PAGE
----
Though it’s just beautiful out here with a gentle breeze blowing and the smell of fragrant spirea in the air let’s walk around to the red building you saw across the river.  It’s a Starbuck’s coffee shop and I’m in the mood for some good coffee.  How about you?

IMG_3251[1]We walk down the street past the popcorn shop

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and the book store

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and we settle in at Starbuck’s where I write a letter and we both  rest our feet for a little while.

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We got a good table by the window so we not only can look forward to see the whole shop

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but we can also look out the window at our side to see the street and the falls below.

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As you may know from my previous posts I love coffee shops and I could stay here for hours, but I did want to do a little shopping so off we go to The Herb Shop.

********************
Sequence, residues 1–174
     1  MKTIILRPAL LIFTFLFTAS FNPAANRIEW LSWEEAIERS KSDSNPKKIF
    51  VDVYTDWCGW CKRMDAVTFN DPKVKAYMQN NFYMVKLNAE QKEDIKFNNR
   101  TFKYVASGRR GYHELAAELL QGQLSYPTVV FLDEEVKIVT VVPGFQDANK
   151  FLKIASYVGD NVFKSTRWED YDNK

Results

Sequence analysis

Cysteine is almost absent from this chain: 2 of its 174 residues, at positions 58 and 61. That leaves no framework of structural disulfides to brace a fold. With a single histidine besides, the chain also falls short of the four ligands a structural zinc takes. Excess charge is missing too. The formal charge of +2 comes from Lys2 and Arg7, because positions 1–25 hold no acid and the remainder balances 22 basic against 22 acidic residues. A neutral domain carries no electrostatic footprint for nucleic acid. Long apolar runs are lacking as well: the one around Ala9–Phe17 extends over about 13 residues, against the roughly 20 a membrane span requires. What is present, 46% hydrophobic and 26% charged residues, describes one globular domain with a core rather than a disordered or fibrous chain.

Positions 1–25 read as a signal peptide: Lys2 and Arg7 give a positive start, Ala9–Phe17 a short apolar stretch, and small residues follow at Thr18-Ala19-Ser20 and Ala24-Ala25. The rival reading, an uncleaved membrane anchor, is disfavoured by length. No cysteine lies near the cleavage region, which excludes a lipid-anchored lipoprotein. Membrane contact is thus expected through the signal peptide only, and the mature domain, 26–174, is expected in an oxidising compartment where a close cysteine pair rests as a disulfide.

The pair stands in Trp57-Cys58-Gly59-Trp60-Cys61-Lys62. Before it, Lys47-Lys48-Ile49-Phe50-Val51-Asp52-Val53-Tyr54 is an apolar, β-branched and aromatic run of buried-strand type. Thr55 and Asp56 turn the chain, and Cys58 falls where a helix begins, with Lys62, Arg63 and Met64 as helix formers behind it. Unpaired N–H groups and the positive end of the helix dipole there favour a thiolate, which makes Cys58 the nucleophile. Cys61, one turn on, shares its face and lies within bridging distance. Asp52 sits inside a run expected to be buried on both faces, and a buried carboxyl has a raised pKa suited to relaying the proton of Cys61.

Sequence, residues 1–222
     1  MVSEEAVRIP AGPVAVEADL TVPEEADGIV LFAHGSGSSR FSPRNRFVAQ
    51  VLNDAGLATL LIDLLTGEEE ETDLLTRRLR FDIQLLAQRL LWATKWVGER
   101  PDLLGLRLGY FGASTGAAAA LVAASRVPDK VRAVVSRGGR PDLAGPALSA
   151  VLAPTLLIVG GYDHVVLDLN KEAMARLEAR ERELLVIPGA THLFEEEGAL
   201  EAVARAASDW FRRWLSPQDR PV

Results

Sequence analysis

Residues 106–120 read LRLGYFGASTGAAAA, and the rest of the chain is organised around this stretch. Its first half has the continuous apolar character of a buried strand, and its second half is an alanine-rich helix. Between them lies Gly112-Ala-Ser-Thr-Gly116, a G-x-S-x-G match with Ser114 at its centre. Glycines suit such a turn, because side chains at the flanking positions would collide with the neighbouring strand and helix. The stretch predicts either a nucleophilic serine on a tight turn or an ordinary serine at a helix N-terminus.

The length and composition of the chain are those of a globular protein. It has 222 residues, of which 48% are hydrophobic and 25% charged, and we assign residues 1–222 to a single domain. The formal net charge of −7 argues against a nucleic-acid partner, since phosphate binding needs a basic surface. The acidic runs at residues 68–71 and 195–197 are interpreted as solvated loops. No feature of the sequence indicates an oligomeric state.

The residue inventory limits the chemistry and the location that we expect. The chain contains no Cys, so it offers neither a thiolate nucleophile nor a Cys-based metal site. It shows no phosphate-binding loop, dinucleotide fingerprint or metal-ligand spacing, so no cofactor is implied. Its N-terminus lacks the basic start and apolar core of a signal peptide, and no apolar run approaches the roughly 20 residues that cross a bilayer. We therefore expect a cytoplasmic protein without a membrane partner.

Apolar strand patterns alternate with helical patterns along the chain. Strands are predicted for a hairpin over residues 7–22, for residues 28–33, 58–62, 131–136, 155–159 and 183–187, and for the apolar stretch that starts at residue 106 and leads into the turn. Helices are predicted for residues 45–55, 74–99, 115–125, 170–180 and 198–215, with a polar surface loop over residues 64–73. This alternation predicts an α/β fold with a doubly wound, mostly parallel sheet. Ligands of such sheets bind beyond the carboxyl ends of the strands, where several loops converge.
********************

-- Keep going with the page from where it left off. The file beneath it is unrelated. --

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There are lovely herb gardens out front

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Just one view of the many herb gardens

and many different  herbs in pots of assorted sizes are for sale.

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I feel like a kid in a candy store, but I restrain myself and purchase only 5 pots of sweet woodruf.

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Some day the inn gardener will have to show you where the sweet woodruf gets planted.  But that’s for another day.

I had a lot of fun on my outing seeing many people and  lots of things and I’m very proud of myself for spending only a little money.  I resisted the cute pedestal server I saw inside the Herb Shop.

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 Oh yes, that shop sells all sorts of goodies inside its doors.  Lots of things the innkeeper (me)   could use for her teas.

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And did I tell you part of the shop is rented to a lady who sells beautiful yarns?  I was so tempted to buy the materials needed to make  this eyelet knit scarf.